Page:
Kenya's Opposition Rejects Talks with Kibaki
Kenya's opposition leader on Tuesday rejected an invitation to meet with President Mwai Kibaki, saying it would undermine international attempts to end the election-related violence that has left more than 500 people dead.
Kibaki had invited Raila Odinga for talks on Friday, but Odinga termed the overture "public relations gimmickry." Odinga said he will only attend negotiations mediated by African Union Chairman John Kufuor. Kufuor is scheduled to arrive in Nairobi later on Tuesday, and officials said he would remain there for a little more than 24 hours.
Kibaki and Odinga have not met since Kibaki's surprise re-election erupted into ethnic violence last month. Odinga and his Luo tribe have charged that Kibaki, who is from the Kikuyu tribe, stole the election and should step down.
Catholic Bishop Cornelius Korir said attacks against the Kikuyu tribe appeared to have been planned and organized. Korir is from Eldoret, where dozens died when a mob torched a church filled with refugees. Eldoret and surrounding areas have seen an exodus of Kikuyus, who are fleeing the violence.
Attacks Appear Organized
"The way the attacks were managed seems to me very organized," Korir said.
U.S. envoy Jendayi Frazer toured the region Tuesday. She has said that the vote count at the heart of the dispute was rigged — but that both sides could have been involved. The Dec. 27 election returned Kibaki to power for another five-year term. Odinga came in a close second.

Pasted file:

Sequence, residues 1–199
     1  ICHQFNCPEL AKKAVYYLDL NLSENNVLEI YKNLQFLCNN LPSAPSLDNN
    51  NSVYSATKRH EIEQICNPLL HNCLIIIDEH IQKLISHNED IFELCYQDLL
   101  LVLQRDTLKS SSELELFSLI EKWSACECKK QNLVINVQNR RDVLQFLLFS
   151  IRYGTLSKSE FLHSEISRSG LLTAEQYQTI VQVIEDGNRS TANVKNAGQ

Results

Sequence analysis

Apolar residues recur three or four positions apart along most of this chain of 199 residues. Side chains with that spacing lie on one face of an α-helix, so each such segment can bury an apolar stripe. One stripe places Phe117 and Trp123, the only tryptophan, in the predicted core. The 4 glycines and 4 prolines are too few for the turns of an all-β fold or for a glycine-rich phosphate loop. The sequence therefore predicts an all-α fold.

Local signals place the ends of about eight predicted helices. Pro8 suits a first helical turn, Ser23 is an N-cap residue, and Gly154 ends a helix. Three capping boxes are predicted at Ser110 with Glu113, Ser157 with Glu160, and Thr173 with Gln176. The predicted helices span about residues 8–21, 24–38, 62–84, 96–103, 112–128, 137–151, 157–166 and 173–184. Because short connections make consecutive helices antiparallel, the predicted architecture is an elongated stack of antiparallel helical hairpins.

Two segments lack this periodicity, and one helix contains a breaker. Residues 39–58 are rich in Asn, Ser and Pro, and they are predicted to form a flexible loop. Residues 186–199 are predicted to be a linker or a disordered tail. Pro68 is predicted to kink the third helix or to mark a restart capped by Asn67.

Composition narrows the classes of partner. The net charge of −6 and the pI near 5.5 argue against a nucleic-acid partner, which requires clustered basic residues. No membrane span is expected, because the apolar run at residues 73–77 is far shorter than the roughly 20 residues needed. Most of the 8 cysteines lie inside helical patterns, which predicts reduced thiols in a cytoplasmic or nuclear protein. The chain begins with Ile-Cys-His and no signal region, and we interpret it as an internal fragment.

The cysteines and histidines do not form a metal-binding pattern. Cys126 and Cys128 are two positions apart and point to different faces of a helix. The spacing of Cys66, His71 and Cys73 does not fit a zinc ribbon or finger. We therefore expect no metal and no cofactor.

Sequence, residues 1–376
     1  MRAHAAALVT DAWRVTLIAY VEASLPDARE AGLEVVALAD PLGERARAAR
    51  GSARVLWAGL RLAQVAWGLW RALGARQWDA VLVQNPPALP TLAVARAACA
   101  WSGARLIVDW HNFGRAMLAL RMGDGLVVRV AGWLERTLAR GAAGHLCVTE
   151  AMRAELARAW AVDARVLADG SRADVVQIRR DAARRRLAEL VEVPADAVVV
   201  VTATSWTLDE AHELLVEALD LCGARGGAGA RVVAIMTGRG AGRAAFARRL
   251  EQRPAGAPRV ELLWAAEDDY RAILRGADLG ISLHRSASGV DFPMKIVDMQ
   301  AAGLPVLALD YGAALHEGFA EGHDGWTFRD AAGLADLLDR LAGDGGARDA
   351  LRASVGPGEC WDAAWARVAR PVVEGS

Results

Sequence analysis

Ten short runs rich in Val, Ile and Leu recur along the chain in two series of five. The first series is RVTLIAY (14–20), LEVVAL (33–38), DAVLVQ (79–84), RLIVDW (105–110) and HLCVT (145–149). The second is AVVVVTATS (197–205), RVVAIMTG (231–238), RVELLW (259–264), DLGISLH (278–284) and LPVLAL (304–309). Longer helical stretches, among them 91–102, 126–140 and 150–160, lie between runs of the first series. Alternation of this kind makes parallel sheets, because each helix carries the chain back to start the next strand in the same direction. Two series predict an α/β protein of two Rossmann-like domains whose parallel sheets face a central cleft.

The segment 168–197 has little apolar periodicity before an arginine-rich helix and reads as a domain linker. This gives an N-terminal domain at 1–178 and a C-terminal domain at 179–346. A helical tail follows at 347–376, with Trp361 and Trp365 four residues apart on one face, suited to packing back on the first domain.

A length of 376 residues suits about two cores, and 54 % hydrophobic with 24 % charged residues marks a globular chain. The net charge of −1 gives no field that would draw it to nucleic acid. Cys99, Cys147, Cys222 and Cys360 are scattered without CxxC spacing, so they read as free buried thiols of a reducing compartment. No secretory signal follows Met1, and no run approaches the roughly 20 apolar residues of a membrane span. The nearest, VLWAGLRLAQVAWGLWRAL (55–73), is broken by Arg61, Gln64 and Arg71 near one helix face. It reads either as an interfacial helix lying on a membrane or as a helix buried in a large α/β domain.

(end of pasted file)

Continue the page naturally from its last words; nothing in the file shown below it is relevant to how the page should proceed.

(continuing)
"Yes, there was rigging," the U.S. envoy, Jendayi Frazer, told The Associated Press in an interview Monday in Nairobi, where she had met with Kibaki and Odinga over the past three days. "I mean there were problems with the vote counting process."
She said she did not want to blame either Kibaki or Odinga.
Earlier Tuesday, Odinga's spokesman said Barack Obama phoned the opposition leader to express concerns about the ethnic violence, intensifying the diplomatic pressure from the United States.
The U.S. Democratic presidential candidate, whose father was Kenyan, called to express "grave concern" over the election outcome, spokesman Salim Lone said. Obama said he also planned to call Kibaki, according to Lone.
From NPR and The Associated Press
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